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Lilly to study use of arthritis drug to treat COVID-19

Patrik Jonsson is president of Lilly Bio-Medicines. (photo provided by Lilly)

INDIANAPOLIS (Inside INdiana Business) — Eli Lilly and Co. (NYSE: LLY) is exploring whether one of its FDA-approved treatments for rheumatoid arthritis (RA) could be used to treat patients with COVID-19.

The company has announced it will begin clinical trials this month on the drug baricitinib on patients in the U.S. who are hospitalized and diagnosed with the disease.

“Those patients have developed what is called an acute respiratory distress syndrome,” said Patrik Jonsson, president of Lilly Bio-Medicines.

The U.S. Food and Drug Administration approved the use of baricitinib, which is marketed as Olumiant, in June 2018 for the treatment of adult patients with moderately to severely active rheumatoid arthritis.

Jonsson said Lilly will collaborate with the National Institute of Allergy and Infectious Diseases (NIAID), part of the National Institutes of Health, to examine if the anti-inflammatory benefits of baricitinib seen in RA patients could have similar efficacy in advanced cases of COVID-19 patients.

“That is the primary focus to really understand if we could provide relief for those patients who participate in it. If that could be confirmed, I think we’ll probably consider different study setups as well.”

Lilly said for the NIAID study, Baricitinib will be tested on the spectrum of hospitalized patients, from mild to moderate to severe cases, including those patients being ventilated.

Jonsson said preclinical data seems to support the hypothesis that the RA treatment could work. To validate the success, the NIAID-Lilly study will utilize a placebo-controlled study.

“We have just made the commitment to do whatever we can through our scientific forces, overcome and combat the coronavirus. But it’s amazing all of the initiatives that have been announced just over the last couple of weeks. So now, making this partnership with the NIAID, it’s really exciting for us,” Jonsson said.

For Jonsson, this endeavor is not only about a scientific process. There is also a very personal connection. Prior to his current role at the company headquarters in Indianapolis, Jonsson oversaw Lilly’s central and southern European operations, including Italy and Spain

Jonsson lived in Italy for six years. In a country of 60 million people, nearly 20,000 have died from COVID-19. Spain has registered approximately 18,000 deaths, among its population of 46 million.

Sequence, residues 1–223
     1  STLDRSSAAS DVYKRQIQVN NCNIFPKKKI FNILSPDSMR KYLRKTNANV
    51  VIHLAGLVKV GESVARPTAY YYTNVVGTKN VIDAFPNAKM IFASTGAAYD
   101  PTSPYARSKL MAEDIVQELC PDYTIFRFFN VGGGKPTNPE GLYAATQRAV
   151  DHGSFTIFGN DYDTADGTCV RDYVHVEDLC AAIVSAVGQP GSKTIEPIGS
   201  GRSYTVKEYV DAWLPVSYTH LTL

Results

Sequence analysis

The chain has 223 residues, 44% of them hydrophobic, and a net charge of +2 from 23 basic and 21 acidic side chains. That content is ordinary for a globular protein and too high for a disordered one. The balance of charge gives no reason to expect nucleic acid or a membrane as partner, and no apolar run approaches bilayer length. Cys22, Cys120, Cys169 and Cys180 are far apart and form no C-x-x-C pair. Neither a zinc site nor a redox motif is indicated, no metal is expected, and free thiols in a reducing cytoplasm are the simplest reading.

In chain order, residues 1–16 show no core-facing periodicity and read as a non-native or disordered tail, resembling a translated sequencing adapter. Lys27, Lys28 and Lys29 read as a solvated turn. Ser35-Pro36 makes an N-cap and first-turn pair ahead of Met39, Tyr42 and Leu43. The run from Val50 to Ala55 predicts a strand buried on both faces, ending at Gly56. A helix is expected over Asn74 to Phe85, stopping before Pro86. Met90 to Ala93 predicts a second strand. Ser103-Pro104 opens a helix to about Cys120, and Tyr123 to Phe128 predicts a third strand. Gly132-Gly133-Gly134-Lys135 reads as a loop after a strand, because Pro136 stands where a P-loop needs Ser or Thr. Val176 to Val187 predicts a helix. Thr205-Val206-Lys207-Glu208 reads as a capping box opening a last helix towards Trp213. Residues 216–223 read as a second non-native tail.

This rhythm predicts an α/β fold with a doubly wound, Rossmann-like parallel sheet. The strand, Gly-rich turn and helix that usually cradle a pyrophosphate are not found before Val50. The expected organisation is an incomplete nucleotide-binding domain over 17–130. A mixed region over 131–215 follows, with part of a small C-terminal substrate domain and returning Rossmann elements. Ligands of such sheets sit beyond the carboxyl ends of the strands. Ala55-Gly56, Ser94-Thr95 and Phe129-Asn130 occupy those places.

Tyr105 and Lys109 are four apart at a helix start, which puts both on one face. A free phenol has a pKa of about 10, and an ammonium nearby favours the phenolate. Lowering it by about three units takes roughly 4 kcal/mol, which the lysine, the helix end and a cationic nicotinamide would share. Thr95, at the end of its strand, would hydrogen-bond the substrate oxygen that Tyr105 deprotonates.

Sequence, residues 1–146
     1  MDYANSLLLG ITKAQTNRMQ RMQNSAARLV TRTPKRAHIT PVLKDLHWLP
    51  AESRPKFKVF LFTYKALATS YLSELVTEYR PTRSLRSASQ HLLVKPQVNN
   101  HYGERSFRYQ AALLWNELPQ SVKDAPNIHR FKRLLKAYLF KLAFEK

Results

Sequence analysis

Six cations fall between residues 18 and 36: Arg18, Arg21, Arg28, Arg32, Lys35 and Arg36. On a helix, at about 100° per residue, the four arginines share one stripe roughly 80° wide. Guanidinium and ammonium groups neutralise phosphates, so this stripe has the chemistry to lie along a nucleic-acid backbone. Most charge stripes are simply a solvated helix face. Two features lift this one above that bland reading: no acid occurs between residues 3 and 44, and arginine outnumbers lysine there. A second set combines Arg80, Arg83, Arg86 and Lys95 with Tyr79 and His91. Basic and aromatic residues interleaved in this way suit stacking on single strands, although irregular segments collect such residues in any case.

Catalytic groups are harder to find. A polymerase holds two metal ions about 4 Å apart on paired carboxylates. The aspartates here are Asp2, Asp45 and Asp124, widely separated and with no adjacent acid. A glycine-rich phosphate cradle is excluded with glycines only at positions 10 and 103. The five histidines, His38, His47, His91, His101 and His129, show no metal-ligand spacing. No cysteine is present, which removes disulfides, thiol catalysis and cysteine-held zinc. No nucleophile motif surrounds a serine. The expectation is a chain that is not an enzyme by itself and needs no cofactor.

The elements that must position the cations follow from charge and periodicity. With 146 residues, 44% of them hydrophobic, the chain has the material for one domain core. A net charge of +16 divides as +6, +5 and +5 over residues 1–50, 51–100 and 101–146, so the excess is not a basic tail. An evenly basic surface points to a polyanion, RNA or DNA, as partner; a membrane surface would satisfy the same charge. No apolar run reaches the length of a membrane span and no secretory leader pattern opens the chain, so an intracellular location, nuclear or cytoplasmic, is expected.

“I’m in almost daily contact with my friends both in Italy and in Spain,” said Jonsson. “Whoever I’m talking to back there, they have someone that they are close to that is either severely ill or even having passed away as a result of this virus.”

Just last week, Jonsson spoke with former colleagues in Spain about the pandemic’s impact. “He said, ‘Patrik, please take this serious(ly), take it serious(ly) because this is really, really a devastating situation.”

He said the discovery of the possible use of the drug on COVID-19 patients stemmed from research conducted in February in London.

“They used an artificial intelligence model to try to check in the literature…if there was a medicine already in a marketplace approved for something different, not for COVID-19,” explained Jonsson. But the U.K. researchers said their A.I. outcomes indicated baricitinib might have not only an antiviral impact but also an anti-inflammatory effect on COVID-19 patients.

“This NIAID study presents an important opportunity to test whether baricitinib can help these patients,” said Dr. Vincent Marconi, professor of medicine and global health at Emory University School of Medicine. “There is an urgent need for new strategies to help hospitalized COVID-19 patients, many of whom will progress to respiratory failure.”

Lilly said testing will begin in the U.S. and it expects results within the next two months. Testing could also be expanded to locations in Europe and Asia.

The company said the medication is currently approved for use in over 65 countries, including the U.S.

Jonsson told Inside INdiana Business companies like Lilly have an obligation to test whatever is possible to find solutions.